A brief history of shiatsu

The treatment of the body using chi has been around for a very long time. One of the first written accounts describing meridians as channels of energy was discovered in a Han dynasty (206BC – 220AD) tomb in Hunan, China; 8000 year old stone acupuncture needles have been found, also in China, and Neolithic ice mummies have been found to have acupuncture points tattooed on their skin. There is ample evidence therefore that people have been aware of chi, and been treating it for many, many years.

Acupuncturists will say that meridians were discovered as a result of needling specific points, and finding where the sensation goes to. I feel that it is just as likely that this stimulation was given using touch rather than penetration with a needle. In any event, traditional acupuncture training requires a long apprenticeship using touch alone before needles are introduced.

Whichever came first, touch or penetration, ordinary people, in what was a peasant agrarian society, would have not had the skill to practice acupuncture or the resources to hire skilled medical practitioners. This lead to the tradition of treating family and friends using manipulation of the meridians and popularly known points. We all know some of these points and use them instinctively – think what you do when you have a headache, eyestrain or indigestion, and then check the points!

As the dominant regional power, China exported many of its customs, sciences and technologies to adjacent countries, and similar manipulation techniques appeared in the Philippines, Indonesia, and even as far away as India, where the Vedic concept of Prana is very similar to that of Chi. It is worth noting that the Indian culture claims that this was a discovery that they made themselves and then exported East. If this is so it would underline the validity of the concept as it apparently arose in more than one place, and carried enough of a resonance to be widely accepted in both.

The story of Shiatsu as we now know it, however, carries on in Japan which in the 6th Century, like so many of its neighbours, adopted much of the Chinese view of medicine. The concept of chi (ki in Japanese) became as central to Japanese culture as it was in China. So much so that the equivalent greeting to ‘how are you?’ in English translates to ‘how is your ki?’ in Japanese, and the expression for poor health means literally ‘bad ki.’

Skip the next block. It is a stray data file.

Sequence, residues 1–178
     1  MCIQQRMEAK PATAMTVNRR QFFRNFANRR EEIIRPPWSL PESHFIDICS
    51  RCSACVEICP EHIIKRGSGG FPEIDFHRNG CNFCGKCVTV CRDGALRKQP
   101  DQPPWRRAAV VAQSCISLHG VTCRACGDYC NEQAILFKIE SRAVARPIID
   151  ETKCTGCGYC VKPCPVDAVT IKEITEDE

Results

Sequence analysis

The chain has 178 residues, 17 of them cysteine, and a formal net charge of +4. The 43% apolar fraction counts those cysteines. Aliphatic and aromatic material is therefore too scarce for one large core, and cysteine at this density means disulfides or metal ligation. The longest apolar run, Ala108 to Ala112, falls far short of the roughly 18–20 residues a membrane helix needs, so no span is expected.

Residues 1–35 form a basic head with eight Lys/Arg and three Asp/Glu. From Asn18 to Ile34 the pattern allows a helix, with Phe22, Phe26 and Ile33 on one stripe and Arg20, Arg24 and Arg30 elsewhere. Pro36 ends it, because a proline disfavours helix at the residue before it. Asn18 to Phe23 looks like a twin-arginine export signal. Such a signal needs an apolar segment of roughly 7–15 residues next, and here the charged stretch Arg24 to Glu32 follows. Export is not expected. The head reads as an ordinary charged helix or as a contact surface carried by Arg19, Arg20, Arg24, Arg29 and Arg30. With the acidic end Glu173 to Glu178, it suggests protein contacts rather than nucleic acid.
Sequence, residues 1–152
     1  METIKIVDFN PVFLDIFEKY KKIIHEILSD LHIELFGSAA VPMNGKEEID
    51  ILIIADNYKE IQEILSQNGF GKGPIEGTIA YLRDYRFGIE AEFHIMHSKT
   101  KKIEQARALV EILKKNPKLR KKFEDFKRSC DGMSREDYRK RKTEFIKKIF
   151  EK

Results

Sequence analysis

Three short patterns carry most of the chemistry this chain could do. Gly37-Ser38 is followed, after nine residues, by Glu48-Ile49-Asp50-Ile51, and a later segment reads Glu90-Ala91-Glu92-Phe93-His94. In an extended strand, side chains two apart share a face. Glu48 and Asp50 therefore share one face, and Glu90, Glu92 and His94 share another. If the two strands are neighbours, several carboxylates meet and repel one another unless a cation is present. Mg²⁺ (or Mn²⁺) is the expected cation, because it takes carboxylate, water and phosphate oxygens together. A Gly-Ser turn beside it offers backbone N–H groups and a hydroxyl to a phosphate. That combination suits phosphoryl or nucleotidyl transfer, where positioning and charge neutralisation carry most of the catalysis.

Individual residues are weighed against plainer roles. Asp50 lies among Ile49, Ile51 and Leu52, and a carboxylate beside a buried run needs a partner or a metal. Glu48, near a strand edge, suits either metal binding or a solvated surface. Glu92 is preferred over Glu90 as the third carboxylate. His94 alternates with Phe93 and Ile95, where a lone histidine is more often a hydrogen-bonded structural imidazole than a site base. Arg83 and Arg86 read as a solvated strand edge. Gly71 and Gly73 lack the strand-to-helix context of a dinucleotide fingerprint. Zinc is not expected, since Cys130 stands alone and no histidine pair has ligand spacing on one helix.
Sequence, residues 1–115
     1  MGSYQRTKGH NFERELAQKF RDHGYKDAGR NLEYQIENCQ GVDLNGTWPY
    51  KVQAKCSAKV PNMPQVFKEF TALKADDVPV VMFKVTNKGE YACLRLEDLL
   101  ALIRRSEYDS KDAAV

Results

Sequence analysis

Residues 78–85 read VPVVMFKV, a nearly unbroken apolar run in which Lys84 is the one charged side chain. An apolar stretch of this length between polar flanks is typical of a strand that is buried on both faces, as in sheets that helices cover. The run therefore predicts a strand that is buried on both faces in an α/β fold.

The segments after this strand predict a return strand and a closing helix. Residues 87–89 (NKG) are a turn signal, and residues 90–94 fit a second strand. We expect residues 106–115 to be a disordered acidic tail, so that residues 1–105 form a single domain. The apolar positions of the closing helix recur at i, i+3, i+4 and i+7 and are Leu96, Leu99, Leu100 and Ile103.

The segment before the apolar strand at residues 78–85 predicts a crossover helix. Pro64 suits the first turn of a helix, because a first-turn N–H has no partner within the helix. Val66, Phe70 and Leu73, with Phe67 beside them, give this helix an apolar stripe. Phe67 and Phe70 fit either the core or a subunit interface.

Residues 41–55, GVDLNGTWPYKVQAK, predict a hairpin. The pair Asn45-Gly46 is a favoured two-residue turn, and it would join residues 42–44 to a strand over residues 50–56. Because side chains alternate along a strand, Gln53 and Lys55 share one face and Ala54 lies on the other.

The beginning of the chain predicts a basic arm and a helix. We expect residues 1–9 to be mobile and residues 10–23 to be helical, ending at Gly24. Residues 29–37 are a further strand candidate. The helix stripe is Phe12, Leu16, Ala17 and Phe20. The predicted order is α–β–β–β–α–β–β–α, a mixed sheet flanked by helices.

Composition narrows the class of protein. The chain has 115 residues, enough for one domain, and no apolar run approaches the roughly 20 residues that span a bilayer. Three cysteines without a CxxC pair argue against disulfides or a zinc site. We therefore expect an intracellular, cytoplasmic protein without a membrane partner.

The result was that ki manipulation in the form of Shi-atsu meaning ‘finger pressure’ became a great folk tradition in Japan, and for centuries it flourished as a part of everyday life. By the beginning of the last century, however, the gradual move towards Western scientific and medical values which were seen as modern and somehow more exciting had reduced Shiatsu’s importance. It had become something of an embarrassment, having the same connotations as Swedish massage would have had in the seventies and eighties- slightly seedy and a mode of pleasure rather than a medical procedure.

There was a rearguard action, however, headed by Tokujiro Namikoshi who founded the Clinic of Pressure Therapy in 1925. This school took on board Western nomenclature, and favoured a more ‘scientific’ approach. This enabled Shiatsu to continue in a clinical setting, and the Namikoshi style is still the most widely practiced in Japan.

What we see as Shiatsu in the West is derived from the Namikoshi school in that it was the son of a teacher that put together what became called Zen Shiatsu. Shizuto Masunaga, a professor of psychology at Tokyo University, inherited a deep interest in Traditional Chinese Medicine from his mother who was a teacher at the Namikoshi school for ten years.

During the 1970s, Masunaga combined his understanding of psychology with TCM and conventional Shiatsu as practiced by his mother, and created what he called Zen Shiatsu, a synthesis of modern Western thinking and traditional Eastern healing techniques. He took this to the United States where he continued to develop his theories up to his death in 1981.

Since then, his students and third and fourth generation Shiatsu practitioners have continued the development of Shiatsu building a vibrant and dynamically growing treatment system.

Shiatsu today has a multitude of styles and approaches; indeed each practitioner has their own individual style. Within this, though, there is a core structure underlying each treatment which has been evolving for 8000 years or more.

(Source: corespirit.com; November 6, 2016; http://tinyurl.com/gn8a3s3)

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